Long-term histological and mucin alterations in the neobladder mucosa following urinary bladder augmentation or substitution with gastrointestinal segment

Academic Article


  • Introduction Bladder augmentation is widely used to treat otherwise unmanageable urinary incontinence. However, it is associated with a large number of complications, of which tumor formation is the most severe. Mucin proteins and MUC genes are linked, among others, to malignancies of the urinary bladder and the gastrointestinal system. Objective To investigate histological alterations as well as changes in expression of MUC1 and MUC2 genes and proteins following different types of urinary bladder augmentation or substitution performed in children and adolescents. Patients and methods Between 1988 and 2013, 91 patients underwent urinary bladder augmentation or substitution at the study institute. Patients were included on whom cystoplasty had been performed 4 years previously or earlier, and could have been followed-up prospectively. Thus, 54 patients were involved in the study. In eight patients gastrocystoplasty was performed, in 17 patients ileocystoplasty, and in 22 patients colocystoplasty. Seven patients underwent bladder substitution using a colonic-segment. Biopsies were taken via cystoscopy from the native bladder, from the gastrointestinal segment used for augmentation, and from the anastomotic line between these two. One part of the samples was fixed in formaldehyde for routine histological processing. The other part of the biopsies was embedded into OCT medium, then cryosectioned and fluorescently double-immunostained for MUC1 and MUC2 proteins. Samples from the microscopically dysplastic lesions and from the 15-year-old or older biopsies were processed by laser capture microdissection, and then real-time PCR was done. Data were statistically analyzed by ANOVA and ordinary least squares regression tests. Results One adenocarcinoma was found in a female patient, 11 years after colocystoplasty. There were no significant changes in the level of MUC1 and MUC2 proteins and gene expression in the urothelium and in the gastrointestinal segment used for augmentation following ileocystoplasty and gastrocystoplasty. Significant increase in MUC1 and decrease in MUC2 protein levels were detected following colocystoplasty in the large bowel segment used for augmentation, both with qualitative and quantitative methods (p < 0.05) (Figure). The uroepithelium showed no significant change. RT-PCR revealed progressive increase in MUC1 gene expression and decrease in MUC2 gene expression after colocystoplasty in the course of time. It also showed highly increased MUC1 gene expression and decreased MUC2 gene expression in the samples of patients. Conclusions Alterations in gene expression of MUC1 and MUC2 might serve as promising markers for early detection of histological changes after colocystoplasty.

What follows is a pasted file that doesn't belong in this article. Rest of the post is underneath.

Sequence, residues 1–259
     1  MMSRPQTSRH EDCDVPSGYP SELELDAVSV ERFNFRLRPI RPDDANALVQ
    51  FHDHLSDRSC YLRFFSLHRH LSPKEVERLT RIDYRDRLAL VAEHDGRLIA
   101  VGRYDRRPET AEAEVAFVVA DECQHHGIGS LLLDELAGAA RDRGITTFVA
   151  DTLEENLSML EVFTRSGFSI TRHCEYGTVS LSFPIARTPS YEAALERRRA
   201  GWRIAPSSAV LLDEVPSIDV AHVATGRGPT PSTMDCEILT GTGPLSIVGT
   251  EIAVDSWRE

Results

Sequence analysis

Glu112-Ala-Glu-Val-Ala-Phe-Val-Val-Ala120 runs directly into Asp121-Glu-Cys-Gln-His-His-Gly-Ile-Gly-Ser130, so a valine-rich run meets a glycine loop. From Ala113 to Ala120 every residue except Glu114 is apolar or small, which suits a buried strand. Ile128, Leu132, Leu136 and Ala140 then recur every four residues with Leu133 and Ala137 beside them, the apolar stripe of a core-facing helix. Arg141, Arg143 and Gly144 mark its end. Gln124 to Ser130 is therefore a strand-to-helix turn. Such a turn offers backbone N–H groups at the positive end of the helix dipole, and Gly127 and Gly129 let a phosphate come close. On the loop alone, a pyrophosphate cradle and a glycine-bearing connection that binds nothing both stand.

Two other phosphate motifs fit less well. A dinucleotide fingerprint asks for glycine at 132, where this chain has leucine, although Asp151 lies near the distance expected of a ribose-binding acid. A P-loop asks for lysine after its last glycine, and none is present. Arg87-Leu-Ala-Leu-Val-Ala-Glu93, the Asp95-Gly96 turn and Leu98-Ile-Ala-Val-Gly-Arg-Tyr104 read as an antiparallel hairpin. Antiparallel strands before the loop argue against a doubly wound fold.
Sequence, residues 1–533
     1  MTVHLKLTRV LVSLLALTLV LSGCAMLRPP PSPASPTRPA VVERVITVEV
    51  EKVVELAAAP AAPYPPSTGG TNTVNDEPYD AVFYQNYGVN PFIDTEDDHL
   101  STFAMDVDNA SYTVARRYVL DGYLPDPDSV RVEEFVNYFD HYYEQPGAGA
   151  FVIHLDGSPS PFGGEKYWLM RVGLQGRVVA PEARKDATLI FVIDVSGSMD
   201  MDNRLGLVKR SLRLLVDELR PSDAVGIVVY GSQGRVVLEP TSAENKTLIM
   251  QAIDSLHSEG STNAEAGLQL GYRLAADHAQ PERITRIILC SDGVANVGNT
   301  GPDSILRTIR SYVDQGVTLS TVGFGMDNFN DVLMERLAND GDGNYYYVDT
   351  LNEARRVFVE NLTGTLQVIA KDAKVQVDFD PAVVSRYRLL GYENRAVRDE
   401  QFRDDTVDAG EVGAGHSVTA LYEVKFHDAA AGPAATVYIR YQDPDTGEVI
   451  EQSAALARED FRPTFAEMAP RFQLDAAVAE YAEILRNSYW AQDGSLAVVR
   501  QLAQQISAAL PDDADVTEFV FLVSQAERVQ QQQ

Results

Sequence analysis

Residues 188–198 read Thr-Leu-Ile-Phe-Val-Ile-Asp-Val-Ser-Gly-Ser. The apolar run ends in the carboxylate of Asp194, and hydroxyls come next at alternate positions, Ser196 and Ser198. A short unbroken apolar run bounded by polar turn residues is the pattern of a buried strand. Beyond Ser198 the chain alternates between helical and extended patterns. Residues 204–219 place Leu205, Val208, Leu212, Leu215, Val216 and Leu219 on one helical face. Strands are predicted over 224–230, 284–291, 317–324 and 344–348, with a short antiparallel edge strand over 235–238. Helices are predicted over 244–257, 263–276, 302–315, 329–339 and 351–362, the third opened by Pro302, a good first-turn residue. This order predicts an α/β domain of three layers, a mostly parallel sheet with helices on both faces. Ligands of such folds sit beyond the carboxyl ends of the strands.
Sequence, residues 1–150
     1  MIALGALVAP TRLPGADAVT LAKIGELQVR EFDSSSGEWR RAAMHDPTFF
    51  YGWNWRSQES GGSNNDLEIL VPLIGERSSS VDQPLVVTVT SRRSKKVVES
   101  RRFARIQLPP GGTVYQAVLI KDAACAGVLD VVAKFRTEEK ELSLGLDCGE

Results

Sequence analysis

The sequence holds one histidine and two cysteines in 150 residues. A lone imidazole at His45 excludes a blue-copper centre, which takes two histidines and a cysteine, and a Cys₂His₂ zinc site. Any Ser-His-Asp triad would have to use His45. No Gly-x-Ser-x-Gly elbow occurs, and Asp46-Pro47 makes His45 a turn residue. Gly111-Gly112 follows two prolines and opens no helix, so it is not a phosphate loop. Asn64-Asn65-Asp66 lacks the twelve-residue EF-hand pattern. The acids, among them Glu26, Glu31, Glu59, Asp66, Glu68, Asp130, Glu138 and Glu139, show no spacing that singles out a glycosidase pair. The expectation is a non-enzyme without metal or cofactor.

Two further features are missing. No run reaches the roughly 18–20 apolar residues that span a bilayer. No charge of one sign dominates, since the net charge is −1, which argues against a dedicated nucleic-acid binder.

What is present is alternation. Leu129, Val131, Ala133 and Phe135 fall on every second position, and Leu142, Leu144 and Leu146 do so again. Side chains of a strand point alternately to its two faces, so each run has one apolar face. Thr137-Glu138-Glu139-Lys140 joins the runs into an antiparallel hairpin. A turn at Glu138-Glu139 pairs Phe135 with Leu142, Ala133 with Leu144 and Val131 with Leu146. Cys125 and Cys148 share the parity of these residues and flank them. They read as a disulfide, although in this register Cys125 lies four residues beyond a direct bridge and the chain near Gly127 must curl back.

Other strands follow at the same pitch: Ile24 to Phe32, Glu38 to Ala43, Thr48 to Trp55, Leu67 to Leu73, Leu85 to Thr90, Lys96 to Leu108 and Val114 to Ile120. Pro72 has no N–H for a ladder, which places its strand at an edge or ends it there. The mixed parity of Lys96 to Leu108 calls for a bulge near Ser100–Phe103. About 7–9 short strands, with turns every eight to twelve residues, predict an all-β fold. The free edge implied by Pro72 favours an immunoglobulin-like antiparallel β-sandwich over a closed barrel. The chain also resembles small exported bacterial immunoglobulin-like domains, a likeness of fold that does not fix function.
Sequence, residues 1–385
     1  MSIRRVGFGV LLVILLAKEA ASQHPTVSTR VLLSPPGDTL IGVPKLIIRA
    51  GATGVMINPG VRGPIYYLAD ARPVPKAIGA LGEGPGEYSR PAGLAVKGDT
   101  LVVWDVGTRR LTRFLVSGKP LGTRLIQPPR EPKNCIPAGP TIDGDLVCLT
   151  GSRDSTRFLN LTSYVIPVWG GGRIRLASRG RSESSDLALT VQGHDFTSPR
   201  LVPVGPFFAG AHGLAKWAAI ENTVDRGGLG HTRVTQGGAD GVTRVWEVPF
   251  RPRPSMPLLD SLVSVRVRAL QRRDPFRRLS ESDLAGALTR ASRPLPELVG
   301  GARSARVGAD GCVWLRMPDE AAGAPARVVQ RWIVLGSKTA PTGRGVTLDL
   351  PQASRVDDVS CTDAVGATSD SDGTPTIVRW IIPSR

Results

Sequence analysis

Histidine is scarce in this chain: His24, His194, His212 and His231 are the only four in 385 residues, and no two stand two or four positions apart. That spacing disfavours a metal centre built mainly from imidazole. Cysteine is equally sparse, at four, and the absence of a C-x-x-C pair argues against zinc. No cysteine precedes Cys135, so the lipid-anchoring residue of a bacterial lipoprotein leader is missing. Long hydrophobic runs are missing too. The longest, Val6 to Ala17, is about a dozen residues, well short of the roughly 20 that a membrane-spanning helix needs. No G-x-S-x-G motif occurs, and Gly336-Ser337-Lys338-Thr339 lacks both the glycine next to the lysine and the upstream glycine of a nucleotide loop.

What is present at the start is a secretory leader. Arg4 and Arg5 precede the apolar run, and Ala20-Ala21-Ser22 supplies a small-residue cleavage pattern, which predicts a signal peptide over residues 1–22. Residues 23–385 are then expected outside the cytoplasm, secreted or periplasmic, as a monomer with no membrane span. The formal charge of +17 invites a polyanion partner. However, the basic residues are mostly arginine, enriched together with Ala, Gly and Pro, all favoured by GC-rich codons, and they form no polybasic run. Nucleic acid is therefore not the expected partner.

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    Author List

  • Kispal ZF; Kardos D; Jilling T; Kereskai L; Isaacs M; Balogh DL; Pinter AB; Till H; Vajda P
  • Start Page

  • 349.e1
  • End Page

  • 349.e6
  • Volume

  • 11
  • Issue

  • 6